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Goat and Sheep Farming High on Indian Agenda

10 February 2015

INDIA - A national partnership is striving to strengthen sheep and goat production to benefit poor and marginal families relying on the industries.

Goat rearing needs working on so that farmers make profits, according to Department of Animal Husbandry, Dairying and Fisheries (DADF), Anup Kumar Thankur. 

Speaking at a two day workshop titled ‘Strengthening Small Ruminant Based Livelihoods’, he said herders and flockmen need a sustainable livelihood.

This was at the South Asia Pro Poor Livestock Policy Programme (SAPPLPP) in collaboration with the Department of Animal Husbandry, Dairying and Fisheries (DADF), where  T. Nandkumar, Chairman, National Dairy Development Board (NDDB) said stressed the need to have a link between farmers and Government organizations. Recommendations made at the two day workshop were:

• Non-governmental organisations (NGOs) should develop proposals for improving productivity of common lands, a stronghold of small ruminant production, and that water bodies along migratory shepherding routes should be developed.

• A need for preparation of occupational standards for CAHWS as well as specifications on quality and performance of services provided.

• Separate guidelines for sheep and goat development are necessary since sheep rearing is generally a primary vocation of the rearers while goat rearing is a supplementary activity.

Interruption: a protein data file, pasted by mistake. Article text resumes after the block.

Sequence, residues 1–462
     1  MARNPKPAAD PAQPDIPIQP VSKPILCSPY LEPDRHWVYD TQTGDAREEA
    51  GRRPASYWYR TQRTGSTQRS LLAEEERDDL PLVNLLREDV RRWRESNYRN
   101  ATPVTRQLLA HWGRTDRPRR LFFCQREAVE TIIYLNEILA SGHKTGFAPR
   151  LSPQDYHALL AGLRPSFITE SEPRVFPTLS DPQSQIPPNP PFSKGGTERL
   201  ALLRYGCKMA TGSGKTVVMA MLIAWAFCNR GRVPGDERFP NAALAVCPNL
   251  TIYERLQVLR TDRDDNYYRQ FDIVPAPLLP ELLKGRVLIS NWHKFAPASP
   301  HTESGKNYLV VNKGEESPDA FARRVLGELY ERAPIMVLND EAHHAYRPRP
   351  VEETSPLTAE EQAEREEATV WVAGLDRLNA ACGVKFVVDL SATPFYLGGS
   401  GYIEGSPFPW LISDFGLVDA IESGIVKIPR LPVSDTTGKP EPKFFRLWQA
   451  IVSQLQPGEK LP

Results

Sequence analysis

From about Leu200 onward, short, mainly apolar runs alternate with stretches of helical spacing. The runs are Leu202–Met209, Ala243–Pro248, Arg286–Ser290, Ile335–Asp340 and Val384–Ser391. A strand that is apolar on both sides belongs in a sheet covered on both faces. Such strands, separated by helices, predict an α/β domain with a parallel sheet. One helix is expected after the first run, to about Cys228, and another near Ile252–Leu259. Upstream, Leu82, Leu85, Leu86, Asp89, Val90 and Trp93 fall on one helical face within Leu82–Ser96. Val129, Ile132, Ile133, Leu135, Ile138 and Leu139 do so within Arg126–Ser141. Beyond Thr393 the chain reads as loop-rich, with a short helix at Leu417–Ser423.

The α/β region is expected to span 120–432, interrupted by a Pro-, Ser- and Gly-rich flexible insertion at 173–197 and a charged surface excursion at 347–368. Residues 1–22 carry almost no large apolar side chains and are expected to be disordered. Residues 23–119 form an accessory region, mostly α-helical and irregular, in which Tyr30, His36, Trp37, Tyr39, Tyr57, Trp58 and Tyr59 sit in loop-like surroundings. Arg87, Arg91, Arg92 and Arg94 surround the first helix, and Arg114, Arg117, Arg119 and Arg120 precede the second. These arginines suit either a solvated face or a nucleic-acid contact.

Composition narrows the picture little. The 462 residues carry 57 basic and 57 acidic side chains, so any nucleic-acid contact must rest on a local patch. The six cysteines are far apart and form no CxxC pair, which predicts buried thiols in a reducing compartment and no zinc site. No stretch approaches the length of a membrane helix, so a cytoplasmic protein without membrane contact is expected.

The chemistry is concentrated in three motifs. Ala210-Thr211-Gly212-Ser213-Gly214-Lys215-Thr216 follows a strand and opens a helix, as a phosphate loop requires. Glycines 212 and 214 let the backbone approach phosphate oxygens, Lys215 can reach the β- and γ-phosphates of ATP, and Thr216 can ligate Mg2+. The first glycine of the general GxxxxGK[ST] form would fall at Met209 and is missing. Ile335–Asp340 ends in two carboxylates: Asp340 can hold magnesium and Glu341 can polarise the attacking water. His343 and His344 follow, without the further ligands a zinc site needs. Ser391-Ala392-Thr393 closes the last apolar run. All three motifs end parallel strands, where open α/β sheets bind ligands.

• Design of breed improvement programme and breeding goats may be decided in consultation with livestock keepers. Community led breed improvement programmes must focus on formation of Breeder’s Association for conservation of indigenous breeds and their genetic improvement through selection.

• Use of ICT based tool for migratory shepherds may be encouraged and facilitated to enable them seek assistance on livestock health and production and obtain advice and information on related matters.

• There is a need for creation of a mechanism for inter-ministerial coordination of land use planning and policy for common land, wasteland and grazing areas. Involved departments may be animal husbandry, forest, rural development, agriculture & cooperation, water resources etc.

• Animal shelters to be designed in accordance with the local agro climatic conditions.

• Community health workers need clearly defined roles, have discourse with local veterinarians and be accountable to the farmers. 

• Inclusion of community based livestock insurance within the framework of National Livestock Mission (NLM) was strongly recommended as a strategy for risk reduction is small livestock holdings.

• Developing livestock market infrastructure could be flagged as a priority area for the government.

Jagdish Kumar, Editor

Jagdish Kumar, Editor

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